Many of you know that my education is in History. Specifically American History. Specifically Ante-Bellum American History. Specifically the American South in the 18th Century.
In that focus, it’s impossible to not study and be aware of the impact of slavery and race in our history. To say it is important is a great understatement. It is the lasting carryover of our dark, shameful history in this country. Slavery and racism is our sad legacy and the lasting effects of it can be felt all over America.
I’m writing this not as a joyful, gleeful, hopeful Democrat (which, naturally, I AM!), but as an observer and student of the history of our country. What I’m about to write is not partisan.
Last night, as I was watching Obama’s acceptance speech, tears were streaming down my face. And it wasn’t even his eloquent, beautiful words. It was a keen awareness of the fact that I was watching history being made. I was a part of history. The feeling and the awareness was overwhelming to me. It’s something I’ve never felt before- not truly.
“Watching history being made” is a statement that is bandied about without much concern for what it means these days. People always think that what happens in their lifetimes will be everlasting, but it isn’t the case. Almost everything becomes a footnote, only focused on and studied by historians with specific, esoteric fields of study. The 2000 and 2004 elections will not be widely remembered in 200 years. I’m even prepared to say that George Bush will not be widely remembered- even though his is officially our most unpopular president ever. Kids in advanced history classes in High School will memorize his name and some cute little mnemonic to remember that he was 43, but his legacy- good or bad- will not endure for centuries. I know it is hard to imagine, given our passions about him and his politics, but people were just as passionate about Taft (remembered for getting stuck in his bathtub) and Chester A. Arthur (remembered for his especially ridiculous facial hair).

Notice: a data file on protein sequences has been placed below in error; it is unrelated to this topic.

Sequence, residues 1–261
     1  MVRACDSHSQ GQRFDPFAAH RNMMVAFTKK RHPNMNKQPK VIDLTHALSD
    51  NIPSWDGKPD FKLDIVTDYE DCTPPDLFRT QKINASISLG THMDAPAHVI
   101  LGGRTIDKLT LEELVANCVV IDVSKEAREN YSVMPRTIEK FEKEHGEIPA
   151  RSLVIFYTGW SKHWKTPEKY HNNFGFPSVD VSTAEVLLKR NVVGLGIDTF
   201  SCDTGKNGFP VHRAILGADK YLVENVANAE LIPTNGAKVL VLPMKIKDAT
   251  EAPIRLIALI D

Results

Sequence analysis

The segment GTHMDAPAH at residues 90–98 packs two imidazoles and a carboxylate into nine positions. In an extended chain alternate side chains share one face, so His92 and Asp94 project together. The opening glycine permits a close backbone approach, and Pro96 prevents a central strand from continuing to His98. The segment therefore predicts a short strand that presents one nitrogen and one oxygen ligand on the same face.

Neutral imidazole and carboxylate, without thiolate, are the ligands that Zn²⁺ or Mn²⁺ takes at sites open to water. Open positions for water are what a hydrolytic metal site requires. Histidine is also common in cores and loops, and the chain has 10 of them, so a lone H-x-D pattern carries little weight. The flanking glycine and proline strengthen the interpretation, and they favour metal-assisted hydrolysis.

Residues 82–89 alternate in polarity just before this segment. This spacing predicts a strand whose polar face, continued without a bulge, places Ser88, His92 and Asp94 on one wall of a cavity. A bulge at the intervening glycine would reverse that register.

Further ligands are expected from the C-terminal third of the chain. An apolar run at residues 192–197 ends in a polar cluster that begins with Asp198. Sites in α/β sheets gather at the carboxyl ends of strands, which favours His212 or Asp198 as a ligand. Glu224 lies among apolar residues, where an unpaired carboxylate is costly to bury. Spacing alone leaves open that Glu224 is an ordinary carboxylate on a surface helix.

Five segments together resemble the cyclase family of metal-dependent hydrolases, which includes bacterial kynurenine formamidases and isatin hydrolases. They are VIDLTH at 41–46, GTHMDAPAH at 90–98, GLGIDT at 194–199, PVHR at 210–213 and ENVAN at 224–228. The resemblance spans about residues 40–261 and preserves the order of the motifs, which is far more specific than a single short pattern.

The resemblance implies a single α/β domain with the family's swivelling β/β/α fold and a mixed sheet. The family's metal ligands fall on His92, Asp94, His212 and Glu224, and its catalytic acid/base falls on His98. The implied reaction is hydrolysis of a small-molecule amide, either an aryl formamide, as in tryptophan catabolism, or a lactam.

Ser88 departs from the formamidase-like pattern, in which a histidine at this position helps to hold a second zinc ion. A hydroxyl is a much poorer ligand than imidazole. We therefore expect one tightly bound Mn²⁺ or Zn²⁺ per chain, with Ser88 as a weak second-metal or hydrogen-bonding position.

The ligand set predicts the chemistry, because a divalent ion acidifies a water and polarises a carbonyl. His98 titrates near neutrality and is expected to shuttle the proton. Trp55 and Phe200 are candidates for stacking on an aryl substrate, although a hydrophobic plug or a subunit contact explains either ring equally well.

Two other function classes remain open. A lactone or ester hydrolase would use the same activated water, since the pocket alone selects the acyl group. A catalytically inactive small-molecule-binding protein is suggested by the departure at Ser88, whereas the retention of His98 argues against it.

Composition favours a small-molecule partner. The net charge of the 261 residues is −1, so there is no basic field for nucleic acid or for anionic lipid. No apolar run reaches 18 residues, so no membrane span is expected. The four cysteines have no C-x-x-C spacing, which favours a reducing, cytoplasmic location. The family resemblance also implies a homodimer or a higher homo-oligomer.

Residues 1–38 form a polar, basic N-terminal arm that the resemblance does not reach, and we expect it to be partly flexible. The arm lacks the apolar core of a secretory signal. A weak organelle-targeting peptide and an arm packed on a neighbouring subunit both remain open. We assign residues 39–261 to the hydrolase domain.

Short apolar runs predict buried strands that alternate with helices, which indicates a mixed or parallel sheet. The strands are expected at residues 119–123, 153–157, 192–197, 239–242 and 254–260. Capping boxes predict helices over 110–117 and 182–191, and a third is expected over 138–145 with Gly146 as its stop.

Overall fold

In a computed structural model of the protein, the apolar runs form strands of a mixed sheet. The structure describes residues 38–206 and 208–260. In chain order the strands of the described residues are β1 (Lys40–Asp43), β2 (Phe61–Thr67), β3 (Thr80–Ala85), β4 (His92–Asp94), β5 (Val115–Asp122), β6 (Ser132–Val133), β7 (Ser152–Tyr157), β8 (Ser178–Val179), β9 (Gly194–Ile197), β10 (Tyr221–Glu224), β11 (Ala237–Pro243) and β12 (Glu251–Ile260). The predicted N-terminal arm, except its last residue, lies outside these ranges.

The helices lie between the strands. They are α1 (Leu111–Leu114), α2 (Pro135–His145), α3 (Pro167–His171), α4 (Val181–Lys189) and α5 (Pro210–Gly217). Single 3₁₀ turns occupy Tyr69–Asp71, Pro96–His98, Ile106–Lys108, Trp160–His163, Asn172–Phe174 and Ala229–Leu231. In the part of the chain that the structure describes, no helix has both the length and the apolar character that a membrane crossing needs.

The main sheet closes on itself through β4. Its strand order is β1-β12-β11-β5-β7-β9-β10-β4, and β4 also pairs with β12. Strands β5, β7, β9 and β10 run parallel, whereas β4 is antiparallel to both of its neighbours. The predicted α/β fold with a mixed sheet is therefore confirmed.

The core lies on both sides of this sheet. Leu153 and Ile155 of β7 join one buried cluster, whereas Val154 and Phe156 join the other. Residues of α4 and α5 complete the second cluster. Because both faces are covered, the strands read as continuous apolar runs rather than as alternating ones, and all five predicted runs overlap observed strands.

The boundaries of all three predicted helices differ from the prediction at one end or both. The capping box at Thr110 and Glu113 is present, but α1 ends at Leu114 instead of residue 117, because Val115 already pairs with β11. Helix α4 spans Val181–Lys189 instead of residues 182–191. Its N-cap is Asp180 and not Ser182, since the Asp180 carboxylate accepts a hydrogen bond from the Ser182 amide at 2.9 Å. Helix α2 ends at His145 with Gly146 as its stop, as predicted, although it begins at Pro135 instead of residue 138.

But what happened last night was different. This is a date that little kids will have to memorize. This is a man who statues will be built for and High Schools will be named after. This isn’t politics, this is an honest-to-god defining moment in American History. This is as significant as Cornwallis surrendering to George Washington in Yorktown, VA. This is as significant as a group of soldiers in Charleston, S.C firing on US Soldiers at Ft. Sumter. This is as significant as the Constitutional Convention. This is a Pearl Harbor.
That we have gone from a Nation built on the back of slaves only 150 years ago, and a nation that murdered black men and women trying to vote 70 years ago to a country that just elected a black man as our leader is something to truly be proud of. Our changing nation is miraculous.
I feel like this is a moment to savor- a moment to ignore the political squabbling and the division and the arguments and the anger and frustration and disappointment (and trust me, as a Democrat, boy do I ever know how you feel) and to just embrace that we have become a nation that has just thrown off the largest lasting yoke of inequality in this country. Today, we are truly all Americans. We truly all have a voice. We truly belong to one United nation.
I am so awed. And so proud.